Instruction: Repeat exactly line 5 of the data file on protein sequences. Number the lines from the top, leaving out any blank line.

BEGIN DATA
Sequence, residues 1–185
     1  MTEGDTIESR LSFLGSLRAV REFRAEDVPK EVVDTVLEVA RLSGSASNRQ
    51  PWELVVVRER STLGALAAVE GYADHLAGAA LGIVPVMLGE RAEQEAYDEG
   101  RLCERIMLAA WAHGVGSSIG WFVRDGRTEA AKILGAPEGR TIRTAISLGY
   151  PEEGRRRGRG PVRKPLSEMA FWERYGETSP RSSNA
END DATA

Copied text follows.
   151  PEEGRRRGRG PVRKPLSEMA FWERYGETSP RSSNA